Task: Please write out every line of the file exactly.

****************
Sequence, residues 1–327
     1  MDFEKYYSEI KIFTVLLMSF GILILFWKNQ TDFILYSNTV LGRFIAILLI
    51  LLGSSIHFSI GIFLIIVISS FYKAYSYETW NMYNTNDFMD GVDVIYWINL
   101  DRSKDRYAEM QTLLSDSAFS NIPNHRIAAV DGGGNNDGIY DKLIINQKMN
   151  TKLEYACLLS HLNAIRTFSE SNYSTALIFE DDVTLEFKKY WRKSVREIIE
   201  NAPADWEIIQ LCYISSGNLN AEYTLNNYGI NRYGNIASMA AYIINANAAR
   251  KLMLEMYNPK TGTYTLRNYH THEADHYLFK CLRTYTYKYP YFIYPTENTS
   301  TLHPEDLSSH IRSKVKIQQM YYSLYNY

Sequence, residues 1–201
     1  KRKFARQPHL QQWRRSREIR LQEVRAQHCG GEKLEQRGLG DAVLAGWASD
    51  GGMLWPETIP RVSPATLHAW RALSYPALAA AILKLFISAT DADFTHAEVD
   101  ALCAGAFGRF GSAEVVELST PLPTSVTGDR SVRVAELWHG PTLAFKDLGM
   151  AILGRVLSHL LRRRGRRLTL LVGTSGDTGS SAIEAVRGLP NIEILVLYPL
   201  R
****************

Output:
Sequence, residues 1–327
     1  MDFEKYYSEI KIFTVLLMSF GILILFWKNQ TDFILYSNTV LGRFIAILLI
    51  LLGSSIHFSI GIFLIIVISS FYKAYSYETW NMYNTNDFMD GVDVIYWINL
   101  DRSKDRYAEM QTLLSDSAFS NIPNHRIAAV DGGGNNDGIY DKLIINQKMN
   151  TKLEYACLLS HLNAIRTFSE SNYSTALIFE DDVTLEFKKY WRKSVREIIE
   201  NAPADWEIIQ LCYISSGNLN AEYTLNNYGI NRYGNIASMA AYIINANAAR
   251  KLMLEMYNPK TGTYTLRNYH THEADHYLFK CLRTYTYKYP YFIYPTENTS
   301  TLHPEDLSSH IRSKVKIQQM YYSLYNY

Sequence, residues 1–201
     1  KRKFARQPHL QQWRRSREIR LQEVRAQHCG GEKLEQRGLG DAVLAGWASD
    51  GGMLWPETIP RVSPATLHAW RALSYPALAA AILKLFISAT DADFTHAEVD
   101  ALCAGAFGRF GSAEVVELST PLPTSVTGDR SVRVAELWHG PTLAFKDLGM
   151  AILGRVLSHL LRRRGRRLTL LVGTSGDTGS SAIEAVRGLP NIEILVLYPL
   201  R